Tag Archives: attendance

Attendance: Common Sense?

In my job, I am confronted almost daily with the need for common sense when we approach attendance.  The idea of attendance in an online school is a completely foreign concept for most people, and it was for me until several years ago when I jumped into teaching at an online school.  While at Wolf Creek Online High School, I participated in the development of attendance policies for the online world.

As I have worked in this now for several years, I have refined my thinking, have shared the concept around the state of Minnesota and in other states (most recently in Michigan – so fun!!!), and have started to think outside of the online world and into the seat-based world.

attendance pyramidSchool attendance is important, but we often go too far and lack common sense in our application of this value.  As one can conclude from the graphic to the left, I firmly believe in a correlation between school attendance and students passing their classes which eventually leads to graduation.  As this is the ultimate goal that schools presumably have for all of their students, it follows easily, then, that school attendance should be expected from all students.  But notice that, in addition to attendance, access to curriculum is also part of the pyramid. This is there because of my use of this pyramid in the online world.  Accessing curriculum is attendance in the online world.

But it is not in the seat-based world.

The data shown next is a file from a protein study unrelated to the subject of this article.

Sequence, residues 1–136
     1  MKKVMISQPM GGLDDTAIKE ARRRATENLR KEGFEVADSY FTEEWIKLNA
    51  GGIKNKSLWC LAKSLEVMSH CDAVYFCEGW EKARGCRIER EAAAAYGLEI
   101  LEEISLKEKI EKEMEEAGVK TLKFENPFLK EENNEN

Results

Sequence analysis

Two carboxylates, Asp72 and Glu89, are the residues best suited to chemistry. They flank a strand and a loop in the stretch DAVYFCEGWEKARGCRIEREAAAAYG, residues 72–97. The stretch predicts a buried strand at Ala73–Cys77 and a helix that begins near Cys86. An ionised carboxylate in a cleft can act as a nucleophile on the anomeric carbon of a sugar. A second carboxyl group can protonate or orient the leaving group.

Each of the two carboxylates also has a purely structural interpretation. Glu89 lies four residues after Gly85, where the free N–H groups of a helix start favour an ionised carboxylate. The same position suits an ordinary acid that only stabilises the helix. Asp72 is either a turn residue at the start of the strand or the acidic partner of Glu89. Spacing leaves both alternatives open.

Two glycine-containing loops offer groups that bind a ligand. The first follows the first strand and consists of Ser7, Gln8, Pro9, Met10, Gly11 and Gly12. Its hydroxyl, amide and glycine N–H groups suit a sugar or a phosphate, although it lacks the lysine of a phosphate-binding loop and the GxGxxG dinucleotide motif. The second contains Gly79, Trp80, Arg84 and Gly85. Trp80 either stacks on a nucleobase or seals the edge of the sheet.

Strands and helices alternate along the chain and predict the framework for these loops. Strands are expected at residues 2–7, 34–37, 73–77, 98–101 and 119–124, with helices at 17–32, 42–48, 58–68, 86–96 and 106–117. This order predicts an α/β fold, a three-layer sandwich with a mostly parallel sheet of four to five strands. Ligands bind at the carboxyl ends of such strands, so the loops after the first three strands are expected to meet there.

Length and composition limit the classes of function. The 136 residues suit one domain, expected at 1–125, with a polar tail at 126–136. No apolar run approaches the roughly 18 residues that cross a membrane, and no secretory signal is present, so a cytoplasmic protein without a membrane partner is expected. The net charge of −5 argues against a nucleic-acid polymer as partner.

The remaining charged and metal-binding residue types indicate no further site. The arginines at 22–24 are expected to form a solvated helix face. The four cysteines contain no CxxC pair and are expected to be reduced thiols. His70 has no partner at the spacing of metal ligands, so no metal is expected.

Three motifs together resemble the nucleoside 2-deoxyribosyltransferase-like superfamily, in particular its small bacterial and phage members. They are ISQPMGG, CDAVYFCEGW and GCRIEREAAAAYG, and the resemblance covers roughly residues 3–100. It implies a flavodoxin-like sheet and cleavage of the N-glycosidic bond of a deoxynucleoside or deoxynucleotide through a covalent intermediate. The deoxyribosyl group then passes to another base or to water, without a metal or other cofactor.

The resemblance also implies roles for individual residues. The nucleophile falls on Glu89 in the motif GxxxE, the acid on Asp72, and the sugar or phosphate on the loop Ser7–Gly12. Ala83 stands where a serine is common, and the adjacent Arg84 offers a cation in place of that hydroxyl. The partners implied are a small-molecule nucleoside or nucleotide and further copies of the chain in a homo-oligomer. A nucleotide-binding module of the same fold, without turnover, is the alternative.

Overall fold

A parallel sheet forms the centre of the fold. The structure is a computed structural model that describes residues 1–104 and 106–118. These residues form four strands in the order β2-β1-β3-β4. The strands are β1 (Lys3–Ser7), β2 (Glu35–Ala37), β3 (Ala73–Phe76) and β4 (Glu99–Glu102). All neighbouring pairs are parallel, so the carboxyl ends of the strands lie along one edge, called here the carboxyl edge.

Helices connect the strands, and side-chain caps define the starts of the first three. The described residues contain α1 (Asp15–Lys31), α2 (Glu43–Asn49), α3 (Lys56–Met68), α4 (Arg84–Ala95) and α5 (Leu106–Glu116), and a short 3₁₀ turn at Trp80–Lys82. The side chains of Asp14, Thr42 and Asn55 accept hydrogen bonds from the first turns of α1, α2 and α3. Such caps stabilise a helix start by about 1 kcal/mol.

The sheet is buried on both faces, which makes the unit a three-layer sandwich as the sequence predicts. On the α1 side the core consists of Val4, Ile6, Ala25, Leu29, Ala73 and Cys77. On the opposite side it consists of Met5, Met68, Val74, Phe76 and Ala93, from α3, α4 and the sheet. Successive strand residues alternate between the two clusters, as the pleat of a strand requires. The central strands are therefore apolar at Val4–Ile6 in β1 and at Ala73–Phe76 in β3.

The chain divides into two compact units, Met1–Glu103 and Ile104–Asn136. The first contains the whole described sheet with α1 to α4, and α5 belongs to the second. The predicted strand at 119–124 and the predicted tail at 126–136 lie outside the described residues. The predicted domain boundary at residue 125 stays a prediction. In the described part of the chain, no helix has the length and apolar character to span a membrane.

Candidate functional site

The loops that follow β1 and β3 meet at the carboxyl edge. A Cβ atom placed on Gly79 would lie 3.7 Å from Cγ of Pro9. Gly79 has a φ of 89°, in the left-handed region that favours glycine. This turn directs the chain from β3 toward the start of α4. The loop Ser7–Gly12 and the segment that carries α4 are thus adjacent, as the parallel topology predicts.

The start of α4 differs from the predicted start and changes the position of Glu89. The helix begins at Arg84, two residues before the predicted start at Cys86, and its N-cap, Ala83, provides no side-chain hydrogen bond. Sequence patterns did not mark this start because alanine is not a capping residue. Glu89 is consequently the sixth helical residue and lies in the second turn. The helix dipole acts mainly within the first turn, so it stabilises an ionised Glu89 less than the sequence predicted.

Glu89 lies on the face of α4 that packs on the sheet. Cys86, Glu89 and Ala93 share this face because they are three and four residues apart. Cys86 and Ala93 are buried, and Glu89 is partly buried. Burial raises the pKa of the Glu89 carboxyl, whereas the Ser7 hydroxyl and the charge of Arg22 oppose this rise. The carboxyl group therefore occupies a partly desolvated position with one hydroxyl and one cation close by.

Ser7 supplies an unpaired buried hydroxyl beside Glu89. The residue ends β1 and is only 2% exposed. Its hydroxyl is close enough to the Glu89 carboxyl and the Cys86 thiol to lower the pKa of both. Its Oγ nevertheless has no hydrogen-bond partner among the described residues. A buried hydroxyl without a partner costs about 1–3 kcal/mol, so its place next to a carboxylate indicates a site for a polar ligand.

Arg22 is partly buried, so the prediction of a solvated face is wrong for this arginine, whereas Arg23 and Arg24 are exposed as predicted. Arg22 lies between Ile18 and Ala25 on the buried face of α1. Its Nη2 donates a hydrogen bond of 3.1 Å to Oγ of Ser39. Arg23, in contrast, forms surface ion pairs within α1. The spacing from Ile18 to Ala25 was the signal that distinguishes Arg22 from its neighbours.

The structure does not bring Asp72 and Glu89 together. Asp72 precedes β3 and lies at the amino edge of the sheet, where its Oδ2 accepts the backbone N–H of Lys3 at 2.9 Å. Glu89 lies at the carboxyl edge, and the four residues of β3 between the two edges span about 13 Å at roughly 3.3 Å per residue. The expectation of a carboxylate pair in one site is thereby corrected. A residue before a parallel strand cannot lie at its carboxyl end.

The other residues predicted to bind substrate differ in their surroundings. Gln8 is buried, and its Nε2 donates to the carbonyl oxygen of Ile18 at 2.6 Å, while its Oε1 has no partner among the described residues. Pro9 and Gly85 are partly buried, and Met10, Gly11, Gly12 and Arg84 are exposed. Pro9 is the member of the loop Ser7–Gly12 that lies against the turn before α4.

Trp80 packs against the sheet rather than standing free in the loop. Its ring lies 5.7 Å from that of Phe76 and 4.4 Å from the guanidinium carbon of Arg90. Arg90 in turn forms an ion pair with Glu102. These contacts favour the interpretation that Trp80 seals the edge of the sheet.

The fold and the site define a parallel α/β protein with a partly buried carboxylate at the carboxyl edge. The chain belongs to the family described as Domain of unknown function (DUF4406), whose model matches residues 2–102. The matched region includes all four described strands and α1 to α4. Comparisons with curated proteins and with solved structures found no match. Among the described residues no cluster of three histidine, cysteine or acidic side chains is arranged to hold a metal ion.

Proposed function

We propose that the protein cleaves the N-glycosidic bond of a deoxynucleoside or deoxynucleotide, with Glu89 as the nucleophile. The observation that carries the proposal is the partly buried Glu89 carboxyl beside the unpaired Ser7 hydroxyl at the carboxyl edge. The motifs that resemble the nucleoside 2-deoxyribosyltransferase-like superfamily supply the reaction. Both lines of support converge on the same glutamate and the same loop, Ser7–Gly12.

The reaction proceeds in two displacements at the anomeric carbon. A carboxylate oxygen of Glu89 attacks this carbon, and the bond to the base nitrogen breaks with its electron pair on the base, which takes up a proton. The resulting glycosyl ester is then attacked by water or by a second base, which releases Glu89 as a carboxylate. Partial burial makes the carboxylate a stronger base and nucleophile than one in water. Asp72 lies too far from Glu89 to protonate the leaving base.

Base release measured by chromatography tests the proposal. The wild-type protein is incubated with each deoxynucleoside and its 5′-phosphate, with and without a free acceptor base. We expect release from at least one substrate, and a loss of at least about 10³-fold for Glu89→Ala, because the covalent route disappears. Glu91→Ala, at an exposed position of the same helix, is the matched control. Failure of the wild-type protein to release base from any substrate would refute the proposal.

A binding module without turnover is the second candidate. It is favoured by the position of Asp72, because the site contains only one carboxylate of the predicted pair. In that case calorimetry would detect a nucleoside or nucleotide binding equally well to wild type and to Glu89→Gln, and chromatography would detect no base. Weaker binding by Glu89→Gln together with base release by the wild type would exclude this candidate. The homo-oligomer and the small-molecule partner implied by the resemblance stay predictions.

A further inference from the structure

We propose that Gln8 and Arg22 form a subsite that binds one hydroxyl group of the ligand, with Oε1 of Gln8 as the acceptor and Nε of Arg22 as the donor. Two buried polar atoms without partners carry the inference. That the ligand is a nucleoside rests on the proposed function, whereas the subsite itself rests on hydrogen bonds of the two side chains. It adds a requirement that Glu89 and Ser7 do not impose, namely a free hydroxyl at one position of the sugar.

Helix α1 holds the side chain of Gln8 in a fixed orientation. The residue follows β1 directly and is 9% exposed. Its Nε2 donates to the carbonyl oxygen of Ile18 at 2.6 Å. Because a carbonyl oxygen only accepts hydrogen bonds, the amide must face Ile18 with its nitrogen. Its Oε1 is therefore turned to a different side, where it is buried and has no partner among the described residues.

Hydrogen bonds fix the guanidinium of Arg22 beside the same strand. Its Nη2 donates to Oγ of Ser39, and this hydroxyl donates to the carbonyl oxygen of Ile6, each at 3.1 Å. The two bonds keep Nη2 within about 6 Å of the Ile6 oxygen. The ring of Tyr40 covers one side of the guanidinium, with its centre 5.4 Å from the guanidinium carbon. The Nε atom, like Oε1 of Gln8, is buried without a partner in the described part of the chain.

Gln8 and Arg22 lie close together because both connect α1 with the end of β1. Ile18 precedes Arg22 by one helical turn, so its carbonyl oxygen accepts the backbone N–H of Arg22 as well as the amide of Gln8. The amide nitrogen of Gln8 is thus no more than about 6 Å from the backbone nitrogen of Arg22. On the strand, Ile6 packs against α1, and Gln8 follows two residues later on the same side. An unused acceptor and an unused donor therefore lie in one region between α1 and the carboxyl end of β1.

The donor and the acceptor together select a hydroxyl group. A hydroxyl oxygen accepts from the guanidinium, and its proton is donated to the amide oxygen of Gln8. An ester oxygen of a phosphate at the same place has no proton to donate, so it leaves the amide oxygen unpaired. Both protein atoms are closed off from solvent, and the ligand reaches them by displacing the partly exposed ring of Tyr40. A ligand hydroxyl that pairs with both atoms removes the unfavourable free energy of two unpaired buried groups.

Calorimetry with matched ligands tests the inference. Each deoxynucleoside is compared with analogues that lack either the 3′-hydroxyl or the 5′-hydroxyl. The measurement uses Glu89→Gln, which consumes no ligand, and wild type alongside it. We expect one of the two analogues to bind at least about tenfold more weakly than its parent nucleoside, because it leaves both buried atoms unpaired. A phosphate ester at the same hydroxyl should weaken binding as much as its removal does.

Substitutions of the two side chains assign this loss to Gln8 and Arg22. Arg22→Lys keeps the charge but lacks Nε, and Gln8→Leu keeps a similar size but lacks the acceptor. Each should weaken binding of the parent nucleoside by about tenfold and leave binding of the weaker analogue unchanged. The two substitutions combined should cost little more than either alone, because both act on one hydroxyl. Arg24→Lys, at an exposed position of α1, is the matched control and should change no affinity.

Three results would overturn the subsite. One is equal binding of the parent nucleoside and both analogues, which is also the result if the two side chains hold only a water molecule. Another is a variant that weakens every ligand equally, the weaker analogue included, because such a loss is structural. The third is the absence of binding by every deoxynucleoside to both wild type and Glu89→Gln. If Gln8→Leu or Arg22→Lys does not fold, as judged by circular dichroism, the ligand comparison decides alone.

My latest and greatest question is this: WHY NOT?

With more and more schools using course management systems such as Moodle, BlackBoard, or Desire2Learn in order to house curriculum, lessons, and videos, accessing curriculum (which used to equate to the butt-in-seat of classroom) now can be done from a sick student’s bedroom while the student recovers from pneumonia.  This completely destroys the concept of seat-based attendance because accessing the curriculum is no longer dependent upon the student being in the classroom.

As options expand for accessing the curriculum, our definition of attendance and truancy will need to change.

And it should.

And when it does, horrible grievances against students will be avoided.

Within the past year, I have jumped into the Twitter world (mostly due to being able to disseminate my blog posts).  In that same time, I also read Think by Lisa Bloom and then followed her on Facebook and Twitter.  While she and I would likely disagree on some things (and we would both be ok with that as long as our stances can be clearly thought out and defended), she and I do agree on many things such as the need for literacy, the need for an emphasis on education, and the need for many to start thinking!